Although Twitter and Facebook have taken steps to stop what they say is a Chinese state-backed misinformation campaign about the anti-government protests in Hong Kong, similar content from suspicious accounts continues to proliferate widely, some of it co-opting Disney‘s new “Mulan“ to try to discredit the demonstrators.

At the same time, China‘s government-controlled media are praising the film and pushing back against calls for a boycott after its star, Crystal Yifei Liu, sparked a firestorm of controversy with her stated support for Hong Kong police. Official news outlets have publicly backed a #SupportMulan campaign, putting Disney in the awkward position of having its interests defended by the world‘s biggest authoritarian regime.

On Monday, Twitter said it had shuttered more than 200,000 accounts from China that were “deliberately and specifically attempting to sow political discord in Hong Kong, including undermining the legitimacy and political positions of the protest movement.” The platform said it had found “reliable evidence” that the activity amounted to a “coordinated state-backed operation” of misinformation.

Facebook followed suit the same day, removing seven pages, three groups and five accounts originating in China and targeting Hong Kong. It said the offending parties were involved in “coordinated inauthentic behavior” and had links to individuals with ties to the Chinese government.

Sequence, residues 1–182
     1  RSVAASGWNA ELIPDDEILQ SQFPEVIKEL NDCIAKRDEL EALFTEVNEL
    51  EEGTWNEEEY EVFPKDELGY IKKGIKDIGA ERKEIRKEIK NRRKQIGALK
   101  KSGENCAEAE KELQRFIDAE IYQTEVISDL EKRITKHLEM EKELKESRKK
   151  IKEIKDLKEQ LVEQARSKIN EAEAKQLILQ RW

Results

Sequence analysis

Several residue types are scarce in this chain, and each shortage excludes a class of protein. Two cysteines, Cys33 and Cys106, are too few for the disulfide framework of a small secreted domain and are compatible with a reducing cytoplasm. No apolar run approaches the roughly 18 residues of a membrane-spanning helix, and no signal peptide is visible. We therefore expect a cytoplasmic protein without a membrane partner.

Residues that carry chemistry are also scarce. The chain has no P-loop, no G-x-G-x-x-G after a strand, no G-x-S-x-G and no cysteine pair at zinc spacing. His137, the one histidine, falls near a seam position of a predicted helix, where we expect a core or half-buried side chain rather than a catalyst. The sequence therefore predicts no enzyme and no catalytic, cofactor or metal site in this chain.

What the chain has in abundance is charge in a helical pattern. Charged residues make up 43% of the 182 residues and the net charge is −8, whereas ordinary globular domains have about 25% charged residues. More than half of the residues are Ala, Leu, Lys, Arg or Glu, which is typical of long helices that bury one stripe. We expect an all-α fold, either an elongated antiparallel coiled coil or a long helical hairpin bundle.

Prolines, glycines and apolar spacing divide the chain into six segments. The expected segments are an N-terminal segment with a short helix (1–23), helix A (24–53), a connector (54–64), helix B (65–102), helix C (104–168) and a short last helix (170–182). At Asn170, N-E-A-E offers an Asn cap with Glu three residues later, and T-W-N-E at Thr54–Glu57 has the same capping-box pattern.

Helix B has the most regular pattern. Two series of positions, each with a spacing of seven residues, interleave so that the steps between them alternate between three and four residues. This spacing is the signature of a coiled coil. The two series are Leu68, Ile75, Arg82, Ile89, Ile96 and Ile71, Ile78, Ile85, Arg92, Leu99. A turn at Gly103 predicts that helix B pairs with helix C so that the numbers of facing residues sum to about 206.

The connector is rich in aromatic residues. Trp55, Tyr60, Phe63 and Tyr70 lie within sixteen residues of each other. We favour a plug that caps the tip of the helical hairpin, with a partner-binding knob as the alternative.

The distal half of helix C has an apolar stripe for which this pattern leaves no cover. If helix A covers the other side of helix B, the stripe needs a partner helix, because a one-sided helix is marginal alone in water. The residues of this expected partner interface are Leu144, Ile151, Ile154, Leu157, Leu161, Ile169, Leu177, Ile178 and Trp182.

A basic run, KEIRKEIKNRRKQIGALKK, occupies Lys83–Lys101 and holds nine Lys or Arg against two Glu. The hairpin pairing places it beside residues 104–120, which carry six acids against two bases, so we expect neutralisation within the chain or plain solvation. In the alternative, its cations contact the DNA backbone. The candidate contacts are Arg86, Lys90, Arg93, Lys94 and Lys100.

But comparable Chinese nationalist troll accounts continue to proliferate on Twitter, and “Mulan” star Liu has become their mascot and muse since she re-posted a meme last week from the Communist Party mouthpiece, the People’s Daily, that said: “I support the Hong Kong police,” along with a heart emoji. Her post on Weibo went up the day after the U.N. Human Rights office accused the police of “employing less-lethal weapons in ways that are prohibited by international norms and standards.”

In even a cursory review of Twitter, Variety was able to identify scores of active accounts with the hallmarks of being state-backed bots all posting under the hashtag #SupportMulan. Using rhetoric that closely mirrors both Chinese state propaganda and other, similar accounts, they continue to spread misinformation about the Hong Kong demonstrations, accompanied by screenshots from Disney’s 1998 animated “Mulan,” posters for the new live-action version, and photos of Liu’s serene face, considered by most mainlanders to be an exemplar of Chinese beauty.  By contrast, pro-democracy protesters in Hong Kong are ridiculed as “useless youths.”


In one typical example, an account created this month with only four followers posted an image that compared the Hong Kong protesters to ISIS terrorists, writing, “I see no difference #SupportMulan.” It parrots language used by the accounts that Facebook blocked on Monday, which also made ISIS comparisons.

The Twitter account in question has only 14 tweets, all of which appeared Saturday – the same day that the #SupportMulan hashtag was pushed out by the English-language channel of China’s state broadcaster CCTV, alongside a slogan in traditional Chinese characters: “Defend justice, support Mulan.”